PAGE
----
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History of Fan Dance
History of Fan Dance History of Fan Dance


A fan dance is a dance performed with one or more fans.

Uses
This form has been adapted in various countries.

The Korean fan dance, for example, evolved from Joseon Dynasty court dances and remains a popular form of traditional Korean dance.

The Spanish or Portuguese flamenco makes dramatic use of fans.

There also exists a form of fan dance in traditional Yu'pik culture in western Alaska; it bears little resemblance to the other forms.

Erotic Dance
In the West, a fan dance may be an erotic dance performance, traditionally by a woman. The performer, either entirely nude or apparently so, dances while manipulating two large fans, typically constructed from ostrich feathers.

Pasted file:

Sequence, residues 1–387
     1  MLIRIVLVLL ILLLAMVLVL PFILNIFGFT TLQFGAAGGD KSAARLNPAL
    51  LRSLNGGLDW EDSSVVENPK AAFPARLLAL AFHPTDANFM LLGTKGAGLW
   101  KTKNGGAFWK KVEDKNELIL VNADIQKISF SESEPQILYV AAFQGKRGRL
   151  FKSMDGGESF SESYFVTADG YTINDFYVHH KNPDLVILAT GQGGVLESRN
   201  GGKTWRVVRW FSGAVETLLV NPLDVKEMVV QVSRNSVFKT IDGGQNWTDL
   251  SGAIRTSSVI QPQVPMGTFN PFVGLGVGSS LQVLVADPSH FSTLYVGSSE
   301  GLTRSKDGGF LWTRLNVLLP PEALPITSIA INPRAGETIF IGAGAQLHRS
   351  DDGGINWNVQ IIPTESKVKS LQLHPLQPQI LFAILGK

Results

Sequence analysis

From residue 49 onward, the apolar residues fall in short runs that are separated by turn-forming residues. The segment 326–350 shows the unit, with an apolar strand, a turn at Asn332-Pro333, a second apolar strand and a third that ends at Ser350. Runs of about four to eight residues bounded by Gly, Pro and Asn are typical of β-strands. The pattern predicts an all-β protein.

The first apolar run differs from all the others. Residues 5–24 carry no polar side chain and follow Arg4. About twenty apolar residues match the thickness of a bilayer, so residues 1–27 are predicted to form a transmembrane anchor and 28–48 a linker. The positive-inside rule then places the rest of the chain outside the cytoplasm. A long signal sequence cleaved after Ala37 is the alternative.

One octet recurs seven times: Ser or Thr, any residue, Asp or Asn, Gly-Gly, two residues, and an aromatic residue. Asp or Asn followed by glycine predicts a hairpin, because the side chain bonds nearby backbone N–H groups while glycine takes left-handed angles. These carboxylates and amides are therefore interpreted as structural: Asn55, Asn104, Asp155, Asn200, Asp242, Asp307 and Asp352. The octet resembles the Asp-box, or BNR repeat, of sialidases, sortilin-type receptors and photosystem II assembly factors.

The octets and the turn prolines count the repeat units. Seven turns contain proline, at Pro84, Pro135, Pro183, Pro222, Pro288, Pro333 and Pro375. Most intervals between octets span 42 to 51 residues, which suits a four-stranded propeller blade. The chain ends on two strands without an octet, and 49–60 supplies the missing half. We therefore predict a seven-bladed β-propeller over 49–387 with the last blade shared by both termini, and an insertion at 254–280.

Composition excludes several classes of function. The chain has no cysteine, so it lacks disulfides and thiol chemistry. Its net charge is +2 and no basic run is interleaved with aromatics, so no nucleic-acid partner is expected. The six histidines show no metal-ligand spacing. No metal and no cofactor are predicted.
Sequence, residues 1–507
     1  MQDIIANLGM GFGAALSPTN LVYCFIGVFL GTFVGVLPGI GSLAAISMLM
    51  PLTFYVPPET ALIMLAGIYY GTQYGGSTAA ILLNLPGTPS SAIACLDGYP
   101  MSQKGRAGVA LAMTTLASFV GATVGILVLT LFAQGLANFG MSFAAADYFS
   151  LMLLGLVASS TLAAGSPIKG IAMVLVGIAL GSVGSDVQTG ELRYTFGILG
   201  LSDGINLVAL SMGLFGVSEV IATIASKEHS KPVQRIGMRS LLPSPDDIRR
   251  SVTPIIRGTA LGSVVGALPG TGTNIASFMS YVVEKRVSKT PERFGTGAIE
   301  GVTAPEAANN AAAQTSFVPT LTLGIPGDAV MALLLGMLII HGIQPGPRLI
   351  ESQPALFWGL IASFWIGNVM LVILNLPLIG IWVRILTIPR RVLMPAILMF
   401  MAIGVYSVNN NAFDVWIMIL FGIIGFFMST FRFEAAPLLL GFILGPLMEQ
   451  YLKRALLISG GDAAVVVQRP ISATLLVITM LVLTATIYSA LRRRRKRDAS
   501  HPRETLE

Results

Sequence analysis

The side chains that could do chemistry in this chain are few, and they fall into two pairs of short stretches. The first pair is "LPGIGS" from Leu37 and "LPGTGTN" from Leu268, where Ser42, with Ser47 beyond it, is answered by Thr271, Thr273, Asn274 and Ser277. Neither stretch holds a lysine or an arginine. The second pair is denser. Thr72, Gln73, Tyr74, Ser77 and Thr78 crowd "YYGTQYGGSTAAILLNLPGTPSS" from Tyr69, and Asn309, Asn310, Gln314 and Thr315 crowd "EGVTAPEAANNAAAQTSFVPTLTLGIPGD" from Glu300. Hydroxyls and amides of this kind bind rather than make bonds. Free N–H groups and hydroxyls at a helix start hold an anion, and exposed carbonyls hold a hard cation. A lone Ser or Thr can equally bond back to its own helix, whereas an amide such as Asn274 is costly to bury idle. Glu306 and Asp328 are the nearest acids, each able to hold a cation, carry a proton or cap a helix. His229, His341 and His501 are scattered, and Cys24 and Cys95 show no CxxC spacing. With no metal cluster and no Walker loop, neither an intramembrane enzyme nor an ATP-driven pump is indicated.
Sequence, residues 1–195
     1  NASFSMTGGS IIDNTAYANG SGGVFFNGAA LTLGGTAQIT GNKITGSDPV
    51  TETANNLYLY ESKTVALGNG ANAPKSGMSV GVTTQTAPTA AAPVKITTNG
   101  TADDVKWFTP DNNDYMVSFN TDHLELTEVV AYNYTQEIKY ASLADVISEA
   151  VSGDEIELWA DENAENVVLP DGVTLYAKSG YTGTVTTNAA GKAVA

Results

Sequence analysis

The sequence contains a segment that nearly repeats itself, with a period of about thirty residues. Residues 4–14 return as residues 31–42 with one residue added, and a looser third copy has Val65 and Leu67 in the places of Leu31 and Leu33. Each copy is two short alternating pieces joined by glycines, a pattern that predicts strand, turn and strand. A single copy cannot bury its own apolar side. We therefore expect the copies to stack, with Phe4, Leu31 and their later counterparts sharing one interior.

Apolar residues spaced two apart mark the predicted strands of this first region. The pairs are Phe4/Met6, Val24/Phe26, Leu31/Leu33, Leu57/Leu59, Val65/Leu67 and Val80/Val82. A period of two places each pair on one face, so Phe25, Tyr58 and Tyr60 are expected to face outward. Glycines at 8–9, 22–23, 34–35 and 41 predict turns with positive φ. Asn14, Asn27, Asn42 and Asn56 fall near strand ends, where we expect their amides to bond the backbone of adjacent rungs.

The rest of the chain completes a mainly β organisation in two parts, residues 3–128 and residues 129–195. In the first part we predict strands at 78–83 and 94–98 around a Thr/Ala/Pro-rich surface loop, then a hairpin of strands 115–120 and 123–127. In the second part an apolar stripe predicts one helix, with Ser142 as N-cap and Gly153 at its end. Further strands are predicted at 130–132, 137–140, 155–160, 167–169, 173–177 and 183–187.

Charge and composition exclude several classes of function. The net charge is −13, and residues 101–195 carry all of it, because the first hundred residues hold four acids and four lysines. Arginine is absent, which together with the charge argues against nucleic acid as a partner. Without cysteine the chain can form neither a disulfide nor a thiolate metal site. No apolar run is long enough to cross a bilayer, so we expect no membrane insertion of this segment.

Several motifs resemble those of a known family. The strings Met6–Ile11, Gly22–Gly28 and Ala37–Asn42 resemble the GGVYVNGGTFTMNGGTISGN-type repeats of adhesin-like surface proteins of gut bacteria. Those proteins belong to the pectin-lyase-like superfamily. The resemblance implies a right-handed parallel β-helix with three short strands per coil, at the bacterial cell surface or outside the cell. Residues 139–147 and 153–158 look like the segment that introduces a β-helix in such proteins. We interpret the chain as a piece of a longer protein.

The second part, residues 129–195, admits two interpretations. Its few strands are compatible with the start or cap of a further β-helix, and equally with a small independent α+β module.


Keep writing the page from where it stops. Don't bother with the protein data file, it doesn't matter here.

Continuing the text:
In the UK, the fan dance has been used in the finals of the Miss Nude UK 2000 competition and in The Windmill in Soho where it replaced the tradition of nude tableaux and has since been replaced by table dancing.

Media
related to Michelle L'amour's fan dance
In an episode of the Australian TV series Miss Fisher's Murder Mysteries set in the 1930s the protagonist, private detective Phryne Fisher, goes undercover as a fan dancer in a gentleman's club (Series 2, Episode 1 "Murder Most Foul").











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